I think you *can* blame bad legislation on the criminal who committed the unforeseen crime that inspires a government to make laws intended to prevent it in the future.

Wow, what a sentence.

Basically, the criminal was committing a crime. The legislature is just trying to improve the law. I think the evil intent of the criminal is more blameworthy than the stupidity of the legislature.

save_the_rustbelt May 26, 2006 at 12:05 pm

I presume you are referring to SarbOx.

Lay and Skilling were only a small part of the avalanche that caused SarbOx.

Is it good legislation? Not really. Is it costly? Yes.

I propose the following:

1. repeal SarbOx

2. Have the SEC appoint all directors for public stock companies, phasing in over 4 years.

Board members are still practicing crony capitalism rather than their duties. If you doubt that look at the news reports on the Home Depot annual meeting.

Much cheaper.

Liberteaser May 26, 2006 at 12:27 pm

Two things:

(1) One cannot hold Lay and Skilling responsible for the government's "response" to their behavior and teh subsequent misery it has caused. The government's "response" is an intervening cause that breaks the chain of causation created by Messrs Lay and Skilling (Yes "Messrs"– the journal uses it).

(2) This chain of events is highly analogous to the attack of September 11 and its response. In both cases, our politicians used a negative event, feeding off of the people's passions, to take action that would not prevent the same event and go far beyond what is necessary to prevent the same event (Iraq, NSA, TSA, etc). In the end, the american people, AS A WHOLE, americans are more pained by governmental "responses" to Enron and September 11, than they were by Enron and September 11 themselves.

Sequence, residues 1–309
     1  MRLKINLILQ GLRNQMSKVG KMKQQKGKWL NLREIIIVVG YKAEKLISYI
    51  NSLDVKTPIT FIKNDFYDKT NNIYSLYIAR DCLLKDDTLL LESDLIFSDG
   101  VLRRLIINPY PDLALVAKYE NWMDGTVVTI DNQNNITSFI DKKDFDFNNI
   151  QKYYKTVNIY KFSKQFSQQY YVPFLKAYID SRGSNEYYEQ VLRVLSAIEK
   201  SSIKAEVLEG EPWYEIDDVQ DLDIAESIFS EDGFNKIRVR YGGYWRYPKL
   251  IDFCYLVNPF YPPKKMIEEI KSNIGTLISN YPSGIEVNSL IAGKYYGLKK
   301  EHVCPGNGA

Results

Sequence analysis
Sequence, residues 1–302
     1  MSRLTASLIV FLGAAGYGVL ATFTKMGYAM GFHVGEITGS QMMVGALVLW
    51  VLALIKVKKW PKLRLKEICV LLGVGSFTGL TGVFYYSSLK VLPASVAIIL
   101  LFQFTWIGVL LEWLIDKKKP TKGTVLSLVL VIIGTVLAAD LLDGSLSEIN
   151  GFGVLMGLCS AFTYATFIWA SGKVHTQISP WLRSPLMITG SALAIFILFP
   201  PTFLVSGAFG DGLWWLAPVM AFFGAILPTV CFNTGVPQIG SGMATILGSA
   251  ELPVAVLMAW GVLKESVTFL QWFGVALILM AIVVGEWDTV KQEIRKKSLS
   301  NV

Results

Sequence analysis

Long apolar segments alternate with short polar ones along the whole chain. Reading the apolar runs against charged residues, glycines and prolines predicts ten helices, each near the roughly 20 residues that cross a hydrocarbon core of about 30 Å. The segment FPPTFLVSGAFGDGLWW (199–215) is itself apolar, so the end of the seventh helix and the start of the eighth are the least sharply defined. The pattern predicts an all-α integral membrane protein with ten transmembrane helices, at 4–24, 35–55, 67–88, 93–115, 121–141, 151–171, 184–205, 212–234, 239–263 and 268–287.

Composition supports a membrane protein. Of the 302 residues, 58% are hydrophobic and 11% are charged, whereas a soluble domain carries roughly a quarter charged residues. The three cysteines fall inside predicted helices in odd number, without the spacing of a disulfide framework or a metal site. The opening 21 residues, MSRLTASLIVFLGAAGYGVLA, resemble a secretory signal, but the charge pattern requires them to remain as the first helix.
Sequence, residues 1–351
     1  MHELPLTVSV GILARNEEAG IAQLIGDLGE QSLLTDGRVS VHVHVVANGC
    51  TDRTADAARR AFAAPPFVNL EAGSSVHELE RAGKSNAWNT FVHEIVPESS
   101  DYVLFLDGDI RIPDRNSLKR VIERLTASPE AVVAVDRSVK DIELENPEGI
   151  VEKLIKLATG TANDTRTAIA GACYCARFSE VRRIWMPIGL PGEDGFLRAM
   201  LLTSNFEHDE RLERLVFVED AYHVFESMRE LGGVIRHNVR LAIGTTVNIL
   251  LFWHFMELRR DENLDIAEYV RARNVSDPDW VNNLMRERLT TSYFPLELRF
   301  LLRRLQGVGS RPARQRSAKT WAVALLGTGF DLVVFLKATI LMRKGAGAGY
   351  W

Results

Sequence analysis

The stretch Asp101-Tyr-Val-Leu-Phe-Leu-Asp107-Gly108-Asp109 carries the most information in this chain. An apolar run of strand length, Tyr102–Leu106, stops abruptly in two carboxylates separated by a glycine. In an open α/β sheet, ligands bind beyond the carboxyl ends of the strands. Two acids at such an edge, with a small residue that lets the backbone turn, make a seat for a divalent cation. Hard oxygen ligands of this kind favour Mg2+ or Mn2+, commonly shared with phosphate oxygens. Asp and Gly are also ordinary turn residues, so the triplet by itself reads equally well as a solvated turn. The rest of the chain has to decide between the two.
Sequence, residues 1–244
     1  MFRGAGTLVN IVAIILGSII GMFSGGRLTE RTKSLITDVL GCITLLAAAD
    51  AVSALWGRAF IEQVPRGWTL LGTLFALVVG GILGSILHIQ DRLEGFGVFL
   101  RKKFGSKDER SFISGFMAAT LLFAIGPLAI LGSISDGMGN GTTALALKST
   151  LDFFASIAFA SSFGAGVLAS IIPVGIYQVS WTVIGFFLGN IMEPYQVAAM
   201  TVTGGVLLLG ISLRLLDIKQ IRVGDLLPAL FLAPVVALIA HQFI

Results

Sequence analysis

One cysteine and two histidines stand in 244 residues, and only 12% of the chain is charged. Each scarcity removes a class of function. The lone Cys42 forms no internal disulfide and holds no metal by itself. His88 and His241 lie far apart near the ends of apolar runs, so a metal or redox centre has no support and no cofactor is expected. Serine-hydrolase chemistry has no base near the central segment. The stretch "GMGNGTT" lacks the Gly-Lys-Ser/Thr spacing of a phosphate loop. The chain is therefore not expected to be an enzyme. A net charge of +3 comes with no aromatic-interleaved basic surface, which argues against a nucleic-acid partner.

TW May 26, 2006 at 2:33 pm

[2. Have the SEC appoint all directors for public stock companies, phasing in over 4 years.]

Either you really want to destroy every publicly-held company in the country, or you don't realize just how reckless this statement is. It should be clear that the cronies of the leading political party at the time would be placed as directors of companies, irrespective of their abilities to help those particular companies.

The blame for poor Boards of Directors lies with shareholders, who either keep electing them or just don't vote. Those are the owners of the companies, after all, and with that power comes the responsibility to actually vote.

It truly amazes me that the same person who has his entire retirement invested in a few stocks will not vote for the directors of those companies, but will instead go to great lenghts to cast multiple ballots for the likes of "American Idol," which he clearly has no vested interest in!?

Forbes May 26, 2006 at 2:33 pm